It was a little bit of a battle with Simon and Schuster because they felt like it was too far out from the publication deadline. But I was more concerned with just putting all the cards on the table for everyone in the game to see, and that they could make up their minds about Phil's role in all of this and just be more informed about, you know, an earthquake in how the game is conducted at the professional level.
Cards on the table feels like a very apt metaphor. It feels like Phil showed you his hand, but was still playing poker. And you decided, no, these cards are out there now.
For sure. I mean, I'm amazed to this day that Phil called me up and told me everything. But he's an adrenaline junkie. We know that. And I think that was part of the fun for him. There was a little thrill in sharing this very explosive information with the one person he probably shouldn't have shared with, who's actually writing a book about his life.
I approached him face-to-face three times and asked him to do interviews for this book, and he thought about it and he declined, and that's fine. That that's his prerogative. But in the end he could not resist the temptation to call me up and tell me how smart he was. How he had gamed the whole system and how he was more clever than [PGA Tour Commissioner] Jay Monahan and more clever than Greg Norman, the mouthpiece for the Saudis. And he was pitting both sides against each other and getting all this leverage and then getting all the things he's always wanted.
Phil is always battling his own inherent tendencies; he's always at war with himself. He didn't want to talk to me. He decided not to talk to me, but in the end he just could help himself. He had to tell me everything. It's a lot of insight about who he is.
In his public statement, which you can't call an apology, because he didn't really apologize, but he used the word "reckless" to describe his actions. And I think that was honestly part of the fun for him, but it baffles me this day that he would ring me up and tell me everything.
Who did you talk with before ultimately making the decision to publish Phil's comments on the Saudis?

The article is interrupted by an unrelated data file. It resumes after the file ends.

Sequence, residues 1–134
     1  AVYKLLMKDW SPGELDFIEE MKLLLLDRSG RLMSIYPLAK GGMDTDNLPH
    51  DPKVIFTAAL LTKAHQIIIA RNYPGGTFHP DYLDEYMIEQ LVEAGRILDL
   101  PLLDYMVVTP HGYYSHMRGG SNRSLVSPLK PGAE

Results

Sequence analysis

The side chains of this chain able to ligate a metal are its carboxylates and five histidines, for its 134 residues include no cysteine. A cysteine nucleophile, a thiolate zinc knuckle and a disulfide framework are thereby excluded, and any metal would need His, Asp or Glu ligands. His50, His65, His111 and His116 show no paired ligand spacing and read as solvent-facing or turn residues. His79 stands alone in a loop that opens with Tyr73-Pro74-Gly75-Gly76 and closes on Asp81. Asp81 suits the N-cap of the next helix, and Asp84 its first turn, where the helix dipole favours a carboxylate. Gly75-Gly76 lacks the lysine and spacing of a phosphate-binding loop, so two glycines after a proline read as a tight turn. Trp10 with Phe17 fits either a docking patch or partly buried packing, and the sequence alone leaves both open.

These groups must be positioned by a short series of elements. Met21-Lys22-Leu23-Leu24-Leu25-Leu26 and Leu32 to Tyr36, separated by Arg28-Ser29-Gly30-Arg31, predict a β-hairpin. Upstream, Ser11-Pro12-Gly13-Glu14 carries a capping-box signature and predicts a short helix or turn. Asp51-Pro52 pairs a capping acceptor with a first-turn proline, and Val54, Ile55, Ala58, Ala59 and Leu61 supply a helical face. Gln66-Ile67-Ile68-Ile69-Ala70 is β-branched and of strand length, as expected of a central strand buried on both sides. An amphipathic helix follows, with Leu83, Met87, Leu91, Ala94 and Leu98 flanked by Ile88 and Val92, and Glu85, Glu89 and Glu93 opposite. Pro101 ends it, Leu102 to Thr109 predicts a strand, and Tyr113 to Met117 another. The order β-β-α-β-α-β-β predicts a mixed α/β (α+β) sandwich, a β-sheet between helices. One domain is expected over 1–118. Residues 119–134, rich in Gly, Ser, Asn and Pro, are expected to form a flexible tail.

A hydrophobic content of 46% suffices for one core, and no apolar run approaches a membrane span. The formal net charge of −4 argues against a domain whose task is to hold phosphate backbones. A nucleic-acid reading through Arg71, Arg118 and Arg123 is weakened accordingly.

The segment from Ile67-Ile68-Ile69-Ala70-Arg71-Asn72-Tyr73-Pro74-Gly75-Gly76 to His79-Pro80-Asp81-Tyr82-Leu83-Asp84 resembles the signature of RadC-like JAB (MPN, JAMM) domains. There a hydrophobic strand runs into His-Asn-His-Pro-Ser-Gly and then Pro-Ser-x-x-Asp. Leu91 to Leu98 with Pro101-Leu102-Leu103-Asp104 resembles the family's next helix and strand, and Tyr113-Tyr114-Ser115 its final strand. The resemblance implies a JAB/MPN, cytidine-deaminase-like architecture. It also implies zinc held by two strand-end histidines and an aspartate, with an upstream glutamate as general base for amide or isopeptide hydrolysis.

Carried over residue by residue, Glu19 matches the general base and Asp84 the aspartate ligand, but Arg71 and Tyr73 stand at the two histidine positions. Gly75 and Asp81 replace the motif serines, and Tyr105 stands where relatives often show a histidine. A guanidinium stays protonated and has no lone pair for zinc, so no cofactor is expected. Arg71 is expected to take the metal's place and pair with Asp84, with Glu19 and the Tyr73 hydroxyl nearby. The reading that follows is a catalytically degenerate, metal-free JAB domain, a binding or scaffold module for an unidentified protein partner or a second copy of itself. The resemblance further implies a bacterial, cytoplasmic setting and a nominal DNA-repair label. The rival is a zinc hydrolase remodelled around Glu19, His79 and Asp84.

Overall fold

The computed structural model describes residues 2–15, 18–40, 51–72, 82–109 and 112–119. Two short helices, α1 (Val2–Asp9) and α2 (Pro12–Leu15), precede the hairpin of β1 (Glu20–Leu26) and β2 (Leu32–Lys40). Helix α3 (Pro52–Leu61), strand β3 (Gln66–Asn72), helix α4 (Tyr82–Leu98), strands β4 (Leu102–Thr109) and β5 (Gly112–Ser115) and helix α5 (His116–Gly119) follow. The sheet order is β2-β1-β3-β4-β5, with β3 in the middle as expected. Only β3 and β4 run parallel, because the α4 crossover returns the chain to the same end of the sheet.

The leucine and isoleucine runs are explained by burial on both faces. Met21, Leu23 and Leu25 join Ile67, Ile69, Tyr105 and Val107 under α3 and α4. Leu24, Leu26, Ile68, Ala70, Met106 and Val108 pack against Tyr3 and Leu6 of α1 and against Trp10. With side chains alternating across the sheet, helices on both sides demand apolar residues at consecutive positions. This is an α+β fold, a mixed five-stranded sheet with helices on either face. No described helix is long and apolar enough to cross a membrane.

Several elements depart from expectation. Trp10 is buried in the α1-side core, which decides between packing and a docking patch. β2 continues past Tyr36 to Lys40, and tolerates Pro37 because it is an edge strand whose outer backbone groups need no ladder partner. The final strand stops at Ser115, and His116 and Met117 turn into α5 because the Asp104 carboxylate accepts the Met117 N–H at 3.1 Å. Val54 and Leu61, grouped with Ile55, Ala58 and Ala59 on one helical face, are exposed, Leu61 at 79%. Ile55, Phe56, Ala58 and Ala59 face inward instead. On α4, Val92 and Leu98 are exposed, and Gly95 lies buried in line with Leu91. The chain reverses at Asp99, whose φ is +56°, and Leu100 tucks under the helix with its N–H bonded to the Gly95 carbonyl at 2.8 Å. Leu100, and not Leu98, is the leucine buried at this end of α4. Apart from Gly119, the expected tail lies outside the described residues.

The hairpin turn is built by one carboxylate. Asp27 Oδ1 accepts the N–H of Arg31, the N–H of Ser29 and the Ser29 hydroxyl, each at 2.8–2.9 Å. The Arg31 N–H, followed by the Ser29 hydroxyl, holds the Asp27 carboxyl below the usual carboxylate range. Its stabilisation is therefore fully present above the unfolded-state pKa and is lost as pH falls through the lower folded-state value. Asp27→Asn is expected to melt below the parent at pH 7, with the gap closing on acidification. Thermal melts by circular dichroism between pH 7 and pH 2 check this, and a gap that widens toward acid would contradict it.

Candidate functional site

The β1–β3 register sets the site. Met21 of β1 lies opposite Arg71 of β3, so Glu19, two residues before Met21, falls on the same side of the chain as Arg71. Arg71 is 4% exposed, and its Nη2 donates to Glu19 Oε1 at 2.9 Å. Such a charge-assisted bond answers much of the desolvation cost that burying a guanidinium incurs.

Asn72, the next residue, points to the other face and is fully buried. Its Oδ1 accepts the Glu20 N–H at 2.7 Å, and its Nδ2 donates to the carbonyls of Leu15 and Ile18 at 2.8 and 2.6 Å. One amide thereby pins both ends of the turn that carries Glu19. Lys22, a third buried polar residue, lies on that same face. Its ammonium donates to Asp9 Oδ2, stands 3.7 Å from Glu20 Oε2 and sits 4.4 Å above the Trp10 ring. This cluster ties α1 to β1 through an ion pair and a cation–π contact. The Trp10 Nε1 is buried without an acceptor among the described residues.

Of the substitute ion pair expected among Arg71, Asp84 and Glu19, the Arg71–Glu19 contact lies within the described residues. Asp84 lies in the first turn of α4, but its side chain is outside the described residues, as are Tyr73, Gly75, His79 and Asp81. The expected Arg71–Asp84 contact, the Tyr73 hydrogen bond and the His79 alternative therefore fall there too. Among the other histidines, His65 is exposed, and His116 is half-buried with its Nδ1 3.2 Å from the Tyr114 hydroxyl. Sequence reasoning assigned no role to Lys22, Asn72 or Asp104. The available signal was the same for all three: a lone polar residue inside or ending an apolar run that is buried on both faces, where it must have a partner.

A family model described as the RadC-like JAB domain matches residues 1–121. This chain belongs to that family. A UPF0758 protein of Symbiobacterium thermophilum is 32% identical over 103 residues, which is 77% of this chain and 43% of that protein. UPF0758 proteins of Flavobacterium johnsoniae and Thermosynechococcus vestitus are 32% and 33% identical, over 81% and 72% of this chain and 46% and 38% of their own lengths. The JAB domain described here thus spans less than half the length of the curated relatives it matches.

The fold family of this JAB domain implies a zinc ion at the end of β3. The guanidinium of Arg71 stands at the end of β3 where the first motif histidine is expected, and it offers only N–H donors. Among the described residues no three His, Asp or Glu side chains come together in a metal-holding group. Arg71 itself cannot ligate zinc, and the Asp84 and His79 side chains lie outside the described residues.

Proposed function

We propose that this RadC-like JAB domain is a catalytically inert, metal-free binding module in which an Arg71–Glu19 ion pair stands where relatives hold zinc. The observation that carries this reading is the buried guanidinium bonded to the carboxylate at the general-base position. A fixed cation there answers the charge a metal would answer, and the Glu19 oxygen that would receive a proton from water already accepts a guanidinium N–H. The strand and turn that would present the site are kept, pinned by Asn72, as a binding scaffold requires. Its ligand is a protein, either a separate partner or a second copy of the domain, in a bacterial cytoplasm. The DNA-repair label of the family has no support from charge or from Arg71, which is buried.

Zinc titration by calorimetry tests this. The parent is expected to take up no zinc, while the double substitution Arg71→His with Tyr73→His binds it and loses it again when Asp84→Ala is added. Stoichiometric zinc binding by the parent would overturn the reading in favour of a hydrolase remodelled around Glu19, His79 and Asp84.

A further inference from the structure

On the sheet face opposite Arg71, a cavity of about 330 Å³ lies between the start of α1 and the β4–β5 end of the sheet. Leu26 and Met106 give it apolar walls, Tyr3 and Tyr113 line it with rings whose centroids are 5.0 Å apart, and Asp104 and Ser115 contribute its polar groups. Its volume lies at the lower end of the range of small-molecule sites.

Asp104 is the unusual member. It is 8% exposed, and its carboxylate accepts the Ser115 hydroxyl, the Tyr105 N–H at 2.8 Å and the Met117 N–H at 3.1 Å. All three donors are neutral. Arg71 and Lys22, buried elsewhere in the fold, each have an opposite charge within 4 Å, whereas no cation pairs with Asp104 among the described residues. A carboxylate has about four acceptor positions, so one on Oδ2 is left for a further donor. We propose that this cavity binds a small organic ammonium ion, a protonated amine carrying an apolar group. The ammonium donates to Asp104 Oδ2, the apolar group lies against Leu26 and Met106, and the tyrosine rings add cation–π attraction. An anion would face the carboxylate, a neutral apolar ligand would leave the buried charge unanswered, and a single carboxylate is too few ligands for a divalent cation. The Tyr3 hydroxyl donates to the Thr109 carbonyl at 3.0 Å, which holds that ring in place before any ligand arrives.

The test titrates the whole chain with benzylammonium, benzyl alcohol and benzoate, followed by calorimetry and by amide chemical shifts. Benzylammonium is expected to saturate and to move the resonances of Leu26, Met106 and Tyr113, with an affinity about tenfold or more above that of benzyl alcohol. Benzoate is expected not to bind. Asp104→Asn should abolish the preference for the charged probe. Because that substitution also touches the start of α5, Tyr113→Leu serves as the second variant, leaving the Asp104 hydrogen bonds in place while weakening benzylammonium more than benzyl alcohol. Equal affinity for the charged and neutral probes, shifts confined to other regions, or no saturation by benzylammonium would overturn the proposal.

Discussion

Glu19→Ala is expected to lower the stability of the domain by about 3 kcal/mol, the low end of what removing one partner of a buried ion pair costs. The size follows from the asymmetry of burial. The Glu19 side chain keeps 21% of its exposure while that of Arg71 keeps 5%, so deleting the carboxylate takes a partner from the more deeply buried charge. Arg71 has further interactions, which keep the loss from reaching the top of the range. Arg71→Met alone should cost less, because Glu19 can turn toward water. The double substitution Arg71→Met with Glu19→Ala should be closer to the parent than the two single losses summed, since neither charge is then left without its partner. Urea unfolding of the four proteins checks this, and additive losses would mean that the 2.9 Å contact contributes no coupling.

My colleagues at the Firepit Collective. Those were the sort of stakeholders in all of this. But ultimately it was my call, everyone deferred to me. Again, I just felt like I had almost a fiduciary duty to, once I knew this information and as the entire world order of professional golf was at stake, I just felt like everyone needed to know what was really happening.
Having read the book, it's clear that you treat Mickelson with a lot of care. You show all sides of what it means to be Phil Mickelson on the PGA Tour. Were you worried the excerpts out would give people the wrong impression about the book as a whole?
Yeah, that was a concern. We were always gonna do a second excerpt right around publication time, and I went to my editor, Simon and Schuster, and my literary agent, and I said, Why don't we do a whole chapter about Phil's virtues and his philanthropy and all his random acts of kindness and all his mentorship to young players? And they said, "Are you crazy? Nobody's gonna read that. Nobody cares about that."
It's kinda like, Oh man, eye roll, but you know, it's the world we live in. There's so much clutter, and it's so hard to get people to pay attention to anything. And so for these excerpts, you wind up writing about the sexiest material. And so, yeah, that was a concern of mine. It's always been a concern.
Now that the book is officially released, how have the past three days been for you compared to the past four months?
It's mostly a sense of relief that I've felt. There's some jitters. Anytime you put something out into the world, especially something that has this much energy around it, there's gonna be some naysayers and some critics, but that's okay. That's just a part of it. I'm comfortable with all the decisions I've made and then the creation of this book. So I'm just trying to go with the flow.